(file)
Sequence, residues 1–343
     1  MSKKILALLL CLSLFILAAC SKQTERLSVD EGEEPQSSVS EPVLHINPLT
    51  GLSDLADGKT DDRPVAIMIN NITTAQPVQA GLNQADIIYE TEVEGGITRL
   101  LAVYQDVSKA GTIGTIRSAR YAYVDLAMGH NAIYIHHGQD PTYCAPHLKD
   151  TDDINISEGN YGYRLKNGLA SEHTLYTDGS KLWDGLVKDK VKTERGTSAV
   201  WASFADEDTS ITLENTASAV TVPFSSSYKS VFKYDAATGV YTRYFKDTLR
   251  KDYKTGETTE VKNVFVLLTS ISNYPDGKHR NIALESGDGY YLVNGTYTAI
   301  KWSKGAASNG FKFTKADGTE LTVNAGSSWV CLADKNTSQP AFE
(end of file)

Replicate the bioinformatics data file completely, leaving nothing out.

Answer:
Sequence, residues 1–343
     1  MSKKILALLL CLSLFILAAC SKQTERLSVD EGEEPQSSVS EPVLHINPLT
    51  GLSDLADGKT DDRPVAIMIN NITTAQPVQA GLNQADIIYE TEVEGGITRL
   101  LAVYQDVSKA GTIGTIRSAR YAYVDLAMGH NAIYIHHGQD PTYCAPHLKD
   151  TDDINISEGN YGYRLKNGLA SEHTLYTDGS KLWDGLVKDK VKTERGTSAV
   201  WASFADEDTS ITLENTASAV TVPFSSSYKS VFKYDAATGV YTRYFKDTLR
   251  KDYKTGETTE VKNVFVLLTS ISNYPDGKHR NIALESGDGY YLVNGTYTAI
   301  KWSKGAASNG FKFTKADGTE LTVNAGSSWV CLADKNTSQP AFE